Military applications of scientific work

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By Frederico Carvalho, Chair of the Executive Board of OTC, the Portuguese Organization of Scientific Workers, and Vice-President of the Executive Council of the World Federation of Scientific Workers. He holds a PhD in Neutron Physics


War as a social phenomenon has existed for as long as mankind itself. But the forms that war has taken and the means that it has used have changed significantly over time. As have the social and environmental impacts of wars. Scientific knowledge and the technological developments it has generated have always been associated to the evolution of military means, weapons and system

In the second quarter of the last century ― nearly eighty years ago ― the development of nuclear weapons ― man’s control over the “atomic fire”, as it is sometimes depicted ― created a new situation: it gave mankind the possibility of exterminating life on Earth

The open letter «  Autonomous Weapons: an Open Letter from AI & Robotics Researchers » published on july 2015, states that :

Autonomous weapons select and engage targets without human intervention. They might include, for example, armed quadcopters iv that can search for and eliminate people meeting certain pre-defined criteria, but do not include cruise missiles or remotely piloted drones for which humans make all targeting decisions. Artificial Intelligence (AI) technology has reached a point where the deployment of such systems is — practically if not legally — feasible within years, not decades, and the stakes are high: autonomous weapons have been described as the third revolution in warfare, after gunpowder and nuclear arms

Other aspects are worth mentioning in the context of the development of technologically-advanced new weapons. Such aspects are also related to advances in AI and robotics, combined with the outcomes of research and innovation in other fields. It is the case, for instance, of “electronic warfare”, which includes the use of “directed-energy weapons”, namely high-power laser emitters; of the so-called “cyberwarfare”; and also of miniaturized nuclear weapons combined with undetectable airborne delivery systems. Cyberwars carried out on Earth, including the selective diffusion of computer viruses and hacking activities (although it should be noted that not all actions by so-called hackers are negative) are a fertile ground for disabling key infrastructures, including energy supply, transportation, health services, water supply, communications, industrial plants, etc.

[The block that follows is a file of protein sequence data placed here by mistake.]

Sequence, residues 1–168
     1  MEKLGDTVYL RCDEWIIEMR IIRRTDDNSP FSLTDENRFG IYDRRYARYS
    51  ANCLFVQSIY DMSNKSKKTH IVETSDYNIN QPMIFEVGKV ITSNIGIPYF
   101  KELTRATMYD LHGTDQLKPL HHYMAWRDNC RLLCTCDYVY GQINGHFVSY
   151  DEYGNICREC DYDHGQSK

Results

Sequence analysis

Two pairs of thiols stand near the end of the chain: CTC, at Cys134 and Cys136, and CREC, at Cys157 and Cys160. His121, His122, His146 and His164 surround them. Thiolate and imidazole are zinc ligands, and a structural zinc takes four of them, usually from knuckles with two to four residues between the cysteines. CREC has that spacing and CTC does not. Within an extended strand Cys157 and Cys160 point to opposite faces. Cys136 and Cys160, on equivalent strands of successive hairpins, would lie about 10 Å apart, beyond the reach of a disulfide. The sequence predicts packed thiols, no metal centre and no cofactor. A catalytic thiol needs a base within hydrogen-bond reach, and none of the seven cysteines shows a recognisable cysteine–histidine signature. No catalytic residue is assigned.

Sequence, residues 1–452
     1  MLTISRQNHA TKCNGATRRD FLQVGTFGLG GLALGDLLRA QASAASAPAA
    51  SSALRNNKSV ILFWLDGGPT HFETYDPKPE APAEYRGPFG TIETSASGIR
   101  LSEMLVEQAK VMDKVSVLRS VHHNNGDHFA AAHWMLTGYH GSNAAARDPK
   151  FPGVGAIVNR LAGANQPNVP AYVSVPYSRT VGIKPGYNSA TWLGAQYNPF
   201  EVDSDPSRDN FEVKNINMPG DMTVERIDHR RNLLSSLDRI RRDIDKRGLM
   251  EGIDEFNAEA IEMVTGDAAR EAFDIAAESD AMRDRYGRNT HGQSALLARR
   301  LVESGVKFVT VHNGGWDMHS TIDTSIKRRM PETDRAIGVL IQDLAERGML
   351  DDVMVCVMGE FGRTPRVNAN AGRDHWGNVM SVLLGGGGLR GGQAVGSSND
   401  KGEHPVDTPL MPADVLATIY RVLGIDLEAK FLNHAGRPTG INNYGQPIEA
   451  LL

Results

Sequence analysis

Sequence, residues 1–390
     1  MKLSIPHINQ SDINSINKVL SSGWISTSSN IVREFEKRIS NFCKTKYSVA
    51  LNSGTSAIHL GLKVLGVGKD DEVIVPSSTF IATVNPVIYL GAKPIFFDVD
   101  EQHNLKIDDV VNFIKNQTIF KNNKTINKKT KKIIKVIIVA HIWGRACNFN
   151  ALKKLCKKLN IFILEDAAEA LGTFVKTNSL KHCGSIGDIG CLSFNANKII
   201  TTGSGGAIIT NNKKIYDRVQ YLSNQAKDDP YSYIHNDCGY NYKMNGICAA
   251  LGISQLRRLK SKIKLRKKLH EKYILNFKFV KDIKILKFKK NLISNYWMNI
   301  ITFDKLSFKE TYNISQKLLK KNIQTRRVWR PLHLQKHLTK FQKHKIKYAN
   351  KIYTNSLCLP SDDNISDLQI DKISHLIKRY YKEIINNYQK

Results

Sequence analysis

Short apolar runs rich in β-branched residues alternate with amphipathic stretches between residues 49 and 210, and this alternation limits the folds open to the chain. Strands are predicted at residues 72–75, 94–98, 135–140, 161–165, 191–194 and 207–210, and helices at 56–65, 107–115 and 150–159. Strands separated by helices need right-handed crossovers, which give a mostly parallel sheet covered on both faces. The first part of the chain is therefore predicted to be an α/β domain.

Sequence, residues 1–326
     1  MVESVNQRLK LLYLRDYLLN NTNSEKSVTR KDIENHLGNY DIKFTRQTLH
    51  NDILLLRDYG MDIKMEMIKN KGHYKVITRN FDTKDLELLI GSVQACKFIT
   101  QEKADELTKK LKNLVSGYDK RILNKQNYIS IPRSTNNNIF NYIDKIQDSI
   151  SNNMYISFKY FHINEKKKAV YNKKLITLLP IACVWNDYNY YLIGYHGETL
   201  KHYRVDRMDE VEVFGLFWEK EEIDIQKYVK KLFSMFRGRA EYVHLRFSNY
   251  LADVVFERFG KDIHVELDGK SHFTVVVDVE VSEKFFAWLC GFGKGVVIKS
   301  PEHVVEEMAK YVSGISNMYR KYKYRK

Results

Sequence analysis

Weapons, drugs and the traffic of human beings are some of the most lucrative businesses of our time. They are carried out on the margins of lawfulness, ethics, morals and human and environmental rights. All make use of technological developments and the advancement of scientific knowledge. Only by making the public aware of the dangers of the inappropriate use of such developments can we minimize the associated risks. The role of the scientific community could be decisive in this regard. It is a community of women and men whose education allows them to separate the wheat from the chaff when it comes to the new possibilities opened up by science and technology. However, to engage public opinion so that it may act as catalyst for a political process, the identification and explanation of potential risks cannot be confined to the scientific community itself. A community, incidentally, where a significant number is unaware of such issues for lack of interest, of time or relevant information outside their specific professional expertise. Promoting a civic activism that will engage common men and women is of the utmost importance. We see the present paper as a modest contribution to that end.